United States District Court, E.D. Wisconsin
ADELMAN District Judge
Allen Motley pleaded guilty to conspiracy to distribute
heroin, and at his June 13, 2013 sentencing hearing I
determined that he qualified as a career offender based on
prior convictions of substantial battery whiled armed,
possession with intent to distribute cocaine, and substantial
battery/intend bodily harm, triggering a guideline
imprisonment range of 151-188 months. On consideration of the
government’s motion under U.S.S.G. § 5K1.1 and the
18 U.S.C. § 3553(a) factors, I imposed a sentence of 78
months. Defendant took no direct appeal of the sentence.
March 28, 2016, defendant filed a motion for sentence
modification pursuant to 18 U.S.C. § 3582(c)(2), which
permits the court to reduce the prison term of a defendant
sentenced based on a guideline range subsequently lowered by
the Sentencing Commission. Defendant relied on guideline
Amendment 782, which generally reduces by 2 the offense level
in drug trafficking cases. I denied the motion because
Amendment 782 did not have the effect of lowering
defendant’s applicable guideline range, see
U.S.S.G. § 1B1.10(a)(2), which was based on the career
offender provision. Defendant filed a notice of appeal from
this decision, and that appeal is pending before the Seventh
9, 2016, defendant filed a document entitled “Affidavit
of Facts.” In that filing, he asks the court to
reconsider the career offender designation in light of
Johnson v. United States, 135 S.Ct. 2551 (2015). In
Johnson, the Court struck down as unconstitutionally
vague the so-called “residual clause” of the
Armed Career Criminal Act (“ACCA”). The Court
later held that Johnson applies retroactively.
Welch v. United States, No. 15-6418, 2016 U.S. LEXIS
2451 (U.S. Apr. 18, 2016); see also Price v. United
States, 795 F.3d 731 (7th Cir. 2015).
Defendant requests that, should the court determine any of
his prior convictions no longer qualify as career offender
predicates, he be re-sentenced without that enhancement.
court generally lacks authority to modify a term of
imprisonment once it has been imposed, see 18 U.S.C.
§ 3582(c), and defendant provides no jurisdictional
basis for his request for Johnson review. Federal
prisoners serving ACCA sentences have relied on
Johnson to challenge those sentences under 28 U.S.C.
§ 2255, which allows collateral attack on a sentence
“in excess of the maximum authorized by law.” It
is unclear in this circuit whether Johnson applies
to the identically worded career offender guideline, see
Dawkins v. United States, 809 F.3d 953, 954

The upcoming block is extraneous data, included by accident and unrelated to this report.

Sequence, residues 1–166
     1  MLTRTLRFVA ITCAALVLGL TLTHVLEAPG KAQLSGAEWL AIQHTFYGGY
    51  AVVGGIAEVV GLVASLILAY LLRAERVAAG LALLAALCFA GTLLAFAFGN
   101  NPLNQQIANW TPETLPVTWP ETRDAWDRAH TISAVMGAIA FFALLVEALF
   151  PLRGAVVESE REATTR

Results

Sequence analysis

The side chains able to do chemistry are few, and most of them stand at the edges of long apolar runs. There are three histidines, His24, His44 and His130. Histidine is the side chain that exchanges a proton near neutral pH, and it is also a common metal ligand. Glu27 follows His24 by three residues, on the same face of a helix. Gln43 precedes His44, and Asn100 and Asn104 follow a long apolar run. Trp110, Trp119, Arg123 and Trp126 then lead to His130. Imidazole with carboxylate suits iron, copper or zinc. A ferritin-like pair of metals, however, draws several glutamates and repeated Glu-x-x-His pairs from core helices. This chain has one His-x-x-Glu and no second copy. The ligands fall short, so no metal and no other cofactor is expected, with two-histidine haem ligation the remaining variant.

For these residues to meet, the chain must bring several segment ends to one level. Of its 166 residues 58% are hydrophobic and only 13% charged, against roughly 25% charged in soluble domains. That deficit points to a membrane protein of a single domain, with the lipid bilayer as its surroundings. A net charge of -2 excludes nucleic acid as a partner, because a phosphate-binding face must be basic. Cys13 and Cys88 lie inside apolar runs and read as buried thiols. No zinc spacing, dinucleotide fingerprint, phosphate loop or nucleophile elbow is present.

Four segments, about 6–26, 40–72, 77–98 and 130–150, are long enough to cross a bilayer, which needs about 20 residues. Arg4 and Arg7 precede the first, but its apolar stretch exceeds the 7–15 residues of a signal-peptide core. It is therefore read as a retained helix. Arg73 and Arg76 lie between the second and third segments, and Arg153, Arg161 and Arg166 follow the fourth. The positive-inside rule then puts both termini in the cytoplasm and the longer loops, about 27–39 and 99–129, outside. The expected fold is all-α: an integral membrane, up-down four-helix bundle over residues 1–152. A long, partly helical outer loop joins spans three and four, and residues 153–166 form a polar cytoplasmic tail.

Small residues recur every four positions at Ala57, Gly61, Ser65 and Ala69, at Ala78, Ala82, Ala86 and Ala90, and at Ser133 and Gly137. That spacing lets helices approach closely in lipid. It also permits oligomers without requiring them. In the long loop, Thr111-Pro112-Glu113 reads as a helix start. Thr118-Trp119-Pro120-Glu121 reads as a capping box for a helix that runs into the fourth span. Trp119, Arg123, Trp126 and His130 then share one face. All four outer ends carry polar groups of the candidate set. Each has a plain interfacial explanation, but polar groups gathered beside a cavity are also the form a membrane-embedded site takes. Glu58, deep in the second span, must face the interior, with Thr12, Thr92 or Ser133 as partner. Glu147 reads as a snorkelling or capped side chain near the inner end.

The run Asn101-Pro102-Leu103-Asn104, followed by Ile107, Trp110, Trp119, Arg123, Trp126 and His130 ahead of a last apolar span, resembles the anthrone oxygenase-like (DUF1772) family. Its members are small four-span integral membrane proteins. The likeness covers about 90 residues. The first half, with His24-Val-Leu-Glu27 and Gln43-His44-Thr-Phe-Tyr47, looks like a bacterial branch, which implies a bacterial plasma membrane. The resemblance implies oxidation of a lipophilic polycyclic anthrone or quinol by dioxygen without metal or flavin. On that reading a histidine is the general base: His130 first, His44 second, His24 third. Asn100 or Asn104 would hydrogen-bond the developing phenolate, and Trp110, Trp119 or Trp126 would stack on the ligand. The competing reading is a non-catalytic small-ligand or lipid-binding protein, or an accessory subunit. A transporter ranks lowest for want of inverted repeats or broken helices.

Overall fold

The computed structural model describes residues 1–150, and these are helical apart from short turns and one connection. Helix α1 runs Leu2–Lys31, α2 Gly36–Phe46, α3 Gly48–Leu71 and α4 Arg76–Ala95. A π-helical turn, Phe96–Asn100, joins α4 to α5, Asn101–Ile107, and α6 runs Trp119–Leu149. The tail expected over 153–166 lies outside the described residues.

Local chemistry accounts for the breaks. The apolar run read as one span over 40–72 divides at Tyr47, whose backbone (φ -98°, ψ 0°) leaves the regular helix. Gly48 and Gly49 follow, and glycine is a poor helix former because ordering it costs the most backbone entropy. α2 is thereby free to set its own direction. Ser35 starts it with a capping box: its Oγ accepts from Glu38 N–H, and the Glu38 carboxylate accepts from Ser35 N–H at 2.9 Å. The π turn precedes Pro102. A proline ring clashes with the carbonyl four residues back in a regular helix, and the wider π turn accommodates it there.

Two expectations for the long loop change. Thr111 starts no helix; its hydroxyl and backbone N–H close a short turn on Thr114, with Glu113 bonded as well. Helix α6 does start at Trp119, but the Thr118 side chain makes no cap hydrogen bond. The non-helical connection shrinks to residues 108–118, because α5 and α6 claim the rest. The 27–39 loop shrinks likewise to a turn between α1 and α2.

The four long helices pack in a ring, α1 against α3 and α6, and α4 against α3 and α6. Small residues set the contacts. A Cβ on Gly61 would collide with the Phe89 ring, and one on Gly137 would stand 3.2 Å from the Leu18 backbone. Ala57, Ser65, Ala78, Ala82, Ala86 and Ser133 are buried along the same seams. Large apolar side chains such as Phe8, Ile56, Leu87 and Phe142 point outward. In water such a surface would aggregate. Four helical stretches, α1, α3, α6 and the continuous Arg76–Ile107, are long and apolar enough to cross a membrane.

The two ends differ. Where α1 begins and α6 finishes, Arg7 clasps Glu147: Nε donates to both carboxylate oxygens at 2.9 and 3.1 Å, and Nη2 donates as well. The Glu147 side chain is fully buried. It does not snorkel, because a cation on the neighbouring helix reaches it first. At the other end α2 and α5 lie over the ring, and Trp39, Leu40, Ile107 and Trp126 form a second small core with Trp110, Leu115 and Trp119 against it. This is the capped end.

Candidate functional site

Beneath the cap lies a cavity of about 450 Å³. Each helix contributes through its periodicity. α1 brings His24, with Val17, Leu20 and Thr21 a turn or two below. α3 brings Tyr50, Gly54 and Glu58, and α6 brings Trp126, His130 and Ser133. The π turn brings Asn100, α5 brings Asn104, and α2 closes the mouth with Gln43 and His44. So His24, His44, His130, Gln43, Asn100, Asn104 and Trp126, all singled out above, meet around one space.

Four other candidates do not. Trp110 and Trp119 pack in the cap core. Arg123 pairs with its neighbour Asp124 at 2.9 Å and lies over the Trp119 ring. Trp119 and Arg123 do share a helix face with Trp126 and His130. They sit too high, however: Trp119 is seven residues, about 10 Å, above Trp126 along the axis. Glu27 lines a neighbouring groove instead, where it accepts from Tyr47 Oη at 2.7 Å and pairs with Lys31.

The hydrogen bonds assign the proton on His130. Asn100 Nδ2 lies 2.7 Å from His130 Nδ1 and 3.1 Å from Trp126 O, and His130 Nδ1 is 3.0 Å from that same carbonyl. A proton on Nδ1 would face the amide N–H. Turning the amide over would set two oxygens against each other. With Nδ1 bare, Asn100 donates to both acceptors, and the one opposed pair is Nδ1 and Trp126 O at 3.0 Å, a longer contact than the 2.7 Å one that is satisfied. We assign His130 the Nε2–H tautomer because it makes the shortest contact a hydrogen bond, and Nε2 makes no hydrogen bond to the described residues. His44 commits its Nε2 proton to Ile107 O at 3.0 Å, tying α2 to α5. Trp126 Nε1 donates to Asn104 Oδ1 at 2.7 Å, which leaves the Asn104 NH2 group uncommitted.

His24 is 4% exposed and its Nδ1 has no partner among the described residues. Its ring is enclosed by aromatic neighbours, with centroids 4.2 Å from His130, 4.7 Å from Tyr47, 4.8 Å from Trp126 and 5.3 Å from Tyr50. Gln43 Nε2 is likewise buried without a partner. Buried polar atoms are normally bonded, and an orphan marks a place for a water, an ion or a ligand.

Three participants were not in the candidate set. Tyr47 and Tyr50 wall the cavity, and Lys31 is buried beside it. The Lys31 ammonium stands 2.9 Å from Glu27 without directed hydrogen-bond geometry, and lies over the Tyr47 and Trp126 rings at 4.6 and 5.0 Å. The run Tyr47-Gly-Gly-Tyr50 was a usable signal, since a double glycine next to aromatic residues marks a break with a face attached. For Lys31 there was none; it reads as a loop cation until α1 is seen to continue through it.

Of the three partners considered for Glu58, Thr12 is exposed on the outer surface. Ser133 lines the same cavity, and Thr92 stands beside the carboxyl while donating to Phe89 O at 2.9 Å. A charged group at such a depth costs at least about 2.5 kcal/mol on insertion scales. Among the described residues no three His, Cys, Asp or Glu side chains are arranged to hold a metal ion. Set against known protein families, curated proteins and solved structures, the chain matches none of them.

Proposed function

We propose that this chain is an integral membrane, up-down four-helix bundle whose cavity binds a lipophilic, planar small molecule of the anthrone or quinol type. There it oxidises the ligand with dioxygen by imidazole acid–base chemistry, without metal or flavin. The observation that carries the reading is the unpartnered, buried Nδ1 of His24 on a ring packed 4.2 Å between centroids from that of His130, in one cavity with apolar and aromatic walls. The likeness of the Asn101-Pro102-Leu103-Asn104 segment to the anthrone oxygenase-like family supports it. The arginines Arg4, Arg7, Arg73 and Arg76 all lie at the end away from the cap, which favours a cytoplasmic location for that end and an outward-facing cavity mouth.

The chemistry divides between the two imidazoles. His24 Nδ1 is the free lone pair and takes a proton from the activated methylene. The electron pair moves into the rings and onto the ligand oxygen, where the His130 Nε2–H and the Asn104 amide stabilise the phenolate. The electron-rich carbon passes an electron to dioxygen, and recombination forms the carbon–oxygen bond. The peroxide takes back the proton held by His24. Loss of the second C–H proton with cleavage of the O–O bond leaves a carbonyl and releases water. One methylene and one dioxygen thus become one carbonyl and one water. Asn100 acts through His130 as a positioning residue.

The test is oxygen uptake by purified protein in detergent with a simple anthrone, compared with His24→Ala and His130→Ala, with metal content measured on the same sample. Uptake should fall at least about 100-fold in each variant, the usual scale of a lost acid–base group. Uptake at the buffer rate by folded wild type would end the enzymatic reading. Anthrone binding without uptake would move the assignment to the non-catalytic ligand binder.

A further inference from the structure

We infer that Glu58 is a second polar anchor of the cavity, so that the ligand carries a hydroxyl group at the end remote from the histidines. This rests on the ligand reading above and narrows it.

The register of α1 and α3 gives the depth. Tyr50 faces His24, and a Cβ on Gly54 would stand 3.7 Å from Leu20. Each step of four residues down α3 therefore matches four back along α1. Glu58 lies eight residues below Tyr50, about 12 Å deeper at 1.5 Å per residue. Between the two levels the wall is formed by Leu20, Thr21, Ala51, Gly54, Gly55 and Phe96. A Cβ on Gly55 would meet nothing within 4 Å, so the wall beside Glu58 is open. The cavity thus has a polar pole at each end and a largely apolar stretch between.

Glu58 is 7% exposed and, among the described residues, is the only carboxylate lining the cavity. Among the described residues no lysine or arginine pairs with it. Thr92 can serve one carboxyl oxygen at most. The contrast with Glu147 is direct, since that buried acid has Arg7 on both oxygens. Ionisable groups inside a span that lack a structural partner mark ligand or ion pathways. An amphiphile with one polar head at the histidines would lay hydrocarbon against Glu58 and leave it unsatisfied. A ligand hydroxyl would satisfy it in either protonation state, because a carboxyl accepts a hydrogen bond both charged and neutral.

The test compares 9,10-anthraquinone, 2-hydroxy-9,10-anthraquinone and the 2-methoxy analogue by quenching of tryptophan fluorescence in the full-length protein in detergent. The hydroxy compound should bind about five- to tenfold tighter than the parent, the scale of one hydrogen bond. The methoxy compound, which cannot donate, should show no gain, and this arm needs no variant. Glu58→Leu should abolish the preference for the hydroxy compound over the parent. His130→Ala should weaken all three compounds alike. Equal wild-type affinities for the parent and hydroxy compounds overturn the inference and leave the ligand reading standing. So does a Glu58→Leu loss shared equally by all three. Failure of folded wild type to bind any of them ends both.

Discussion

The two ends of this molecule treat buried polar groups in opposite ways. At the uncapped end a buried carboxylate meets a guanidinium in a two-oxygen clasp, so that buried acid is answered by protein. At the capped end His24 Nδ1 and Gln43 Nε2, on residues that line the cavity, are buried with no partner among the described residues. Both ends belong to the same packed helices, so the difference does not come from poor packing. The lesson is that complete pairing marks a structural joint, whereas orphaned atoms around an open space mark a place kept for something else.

(7th Cir. 2016), although the Seventh Circuit has
allowed some such claims to proceed, see, e.g.,
Swanson v. United States, No. 15-2776, 2015 U.S.
App. LEXIS 21407 (7th Cir. Sept. 4, 2015). But
see Cummings v. United States, No. 15-CV-1219, 2016 U.S.
Dist. LEXIS 24547 (E.D. Wis. Feb. 29, 2016) (Stadtmueller,
J.) (denying Johnson claim brought by career
offender sentenced post-Booker).
has not previously filed a motion under 28 U.S.C. §
2255. The Supreme Court has held that before converting a
mis-labeled filing to a first § 2255 motion, the
district court should provide appropriate warnings.
Castro v. United States, 540 U.S. 375, 383 (2003). I
accordingly advise defendant that I intend to re-characterize
his “Affidavit of Facts” as a § 2255 motion,
warn him that this re-characterization means that any
subsequent § 2255 motion will be subject to the
restrictions on “second or successive” motions
set forth in § 2255(h), and provide him with an
opportunity to withdraw the filing or amend it so that it
contains all of the § 2255 claims he believes he
IT IS ORDERED that on or before June 24, 2016, defendant
either withdraw his filing or amend it to include any
additional arguments for collateral relief. Defendant is
advised that if he does not withdraw his filing by that date,
I will proceed to analyze it under the Rules Governing
Section 2255 Proceedings.
Under Amendment 782, defendant’s
base offense level under U.S.S.G. § 2D1.1(c) based on
drug weight would have dropped from 28 to 26. However,
Amendment 782 had no effect on the controlling base offense
level of 32 under the career offender guideline, U.S.S.G.
It does not appear that the pending
appeal on defendant’s § 3582(c)(2) motion would
divest the court of jurisdiction to consider a
Johnson challenge under § 2255. See Griggs
v. Provident Consumer Disc., Co., 459 U.S. 56, 58 (1982)
(per curiam) (“The filing of a notice of appeal is an
event of jurisdictional significance - it confers
jurisdiction on the court of appeals and divests the ...